Universities are always great places for people to meet their very best of friends – take the band Ra Ra Riot. They formed in Syracuse University in 2006, later on showcased in SXSW in 2007, then released a full-length, The Rhumb Line, in 2008. Their efforts garnered buzz in the music scene, earning raves and fans for their unique indie rock sound with a mix of chamber pop. They followed it up with The Orchard in 2010, a 10-track record with that familiar Ra Ra Riot spin: falsettos ✓; catchy choruses ✓, strings ✓.
“Our second record, The Orchard, is certainly much more like our first than our third,” lead singer Wes Miles (far right on the photo) tells us. “We’ve always wanted to push ourselves to try new things, from the very beginning of the band. While we were recording it, it became clear that our process was becoming restrictive and burdensome. This was about the time when we started to consider making changes to the way that we wrote.” The brewing adjustments did not only apply to their songwriting. When they started working on their third album, Beta Love, they lost cellist Alexandra Lawn from the line-up, which “freed up a lot of room to make changes.”
The band carried out with their plan, evolving throughout the process as the members played different instruments than usual, while Wes spent more time working on songwriting with their producer, Dennis Herring. One of the tracks they came up with is “Beta Love”, the first release from the album about an android falling in love for the first time.
“I thought it would be an interesting experiment to write a love song from the perspective of someone who was truly in love for the first time,” Wes explains. “But also, the first of its kind to be able to fall in love. It’s about love but also about evolution, and the convergence of technology and humanity.”
As futuristic as the idea behind the track sounds, the music video for “Beta Love” is a different story. It was directed by one of their fans, David Dean Burkhart, who’ve decided to use footage from an eighties dance show – a kooky but trendy way of creating a music video. The band found it online shortly after their track was released and asked the creator if they could release it officially.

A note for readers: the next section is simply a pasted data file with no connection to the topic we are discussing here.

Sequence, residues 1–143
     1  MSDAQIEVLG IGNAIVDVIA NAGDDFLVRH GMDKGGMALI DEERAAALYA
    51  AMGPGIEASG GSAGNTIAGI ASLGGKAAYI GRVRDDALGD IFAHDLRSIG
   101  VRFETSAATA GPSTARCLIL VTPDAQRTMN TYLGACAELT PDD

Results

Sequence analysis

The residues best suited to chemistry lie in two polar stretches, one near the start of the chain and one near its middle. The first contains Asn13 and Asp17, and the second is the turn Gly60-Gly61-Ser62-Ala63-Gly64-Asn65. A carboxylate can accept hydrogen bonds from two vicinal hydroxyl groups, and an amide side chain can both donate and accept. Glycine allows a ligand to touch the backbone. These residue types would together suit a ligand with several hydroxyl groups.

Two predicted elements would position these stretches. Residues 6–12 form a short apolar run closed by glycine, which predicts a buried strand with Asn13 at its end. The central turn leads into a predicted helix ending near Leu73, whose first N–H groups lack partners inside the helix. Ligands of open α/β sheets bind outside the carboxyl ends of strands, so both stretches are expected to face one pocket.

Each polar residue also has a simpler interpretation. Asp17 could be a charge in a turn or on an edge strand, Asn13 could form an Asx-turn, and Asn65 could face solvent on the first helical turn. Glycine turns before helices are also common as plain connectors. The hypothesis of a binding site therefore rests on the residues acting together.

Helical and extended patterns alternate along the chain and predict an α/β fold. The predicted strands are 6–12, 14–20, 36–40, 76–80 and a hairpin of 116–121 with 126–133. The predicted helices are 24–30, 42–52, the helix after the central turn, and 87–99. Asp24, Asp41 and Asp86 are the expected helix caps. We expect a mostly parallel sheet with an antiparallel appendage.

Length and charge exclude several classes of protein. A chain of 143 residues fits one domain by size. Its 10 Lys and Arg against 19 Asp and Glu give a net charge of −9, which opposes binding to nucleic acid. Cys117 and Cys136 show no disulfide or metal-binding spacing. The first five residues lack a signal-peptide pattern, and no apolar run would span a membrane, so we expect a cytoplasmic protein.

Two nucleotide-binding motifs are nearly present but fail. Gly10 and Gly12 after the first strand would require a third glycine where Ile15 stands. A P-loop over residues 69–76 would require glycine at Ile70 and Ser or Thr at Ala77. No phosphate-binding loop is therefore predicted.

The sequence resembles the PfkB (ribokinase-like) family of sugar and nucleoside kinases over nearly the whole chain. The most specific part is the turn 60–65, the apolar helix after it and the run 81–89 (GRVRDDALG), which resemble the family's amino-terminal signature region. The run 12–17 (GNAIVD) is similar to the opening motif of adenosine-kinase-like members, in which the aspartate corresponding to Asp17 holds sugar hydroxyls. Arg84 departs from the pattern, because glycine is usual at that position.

“It was a bit of a stroke of luck,” Wes adds. “We actually had nothing to do with making the video. We immediately asked if the creator would add titles in the beginning, and it just worked out that that was all we had to do. It’s one of my favorite videos we’ve ever had.”
For this endearing frontman, sticking along with the band’s 7-year ride – which mostly constitutes now of nightly shows and international tours post-album release, travelling to Asia for the last few years has been “amazing.” The band has been touring to support Beta Love, and in November this year, they’d be dipping their toes back in Asia for a few dates in Japan and Singapore’s Camp Symmetry. They made a detour in Taiwan with the Dirty Projectors earlier in January, but this would be their very first time in Singapore.
“Every time we go [to Asia] we discover something new and inspiring. We’re very excited to go to Singapore! We’ve all heard so much about it and can’t wait to finally be there to experience it.”
We’re guessing that it’s one of the biggest perks for anyone in a band – especially if they’ve started as one of those kids who hung out in the university, pitched in ideas, then realized that they could make good music with their friends. Only a few decide to carry on with their school bands, only a few are brave enough to risk security – and only a few really make it.
“I would be completely lost!” Wes responds after we asked him one of those standard questions: What would you do if you weren’t a musician? “Hopefully, I can make it last for a while.”
With their evolving sound and willingness to create music, we’d like to believe that Ra Ra Riot could make it much, much longer than that.
** This post was initially published in Music Weekly Asia.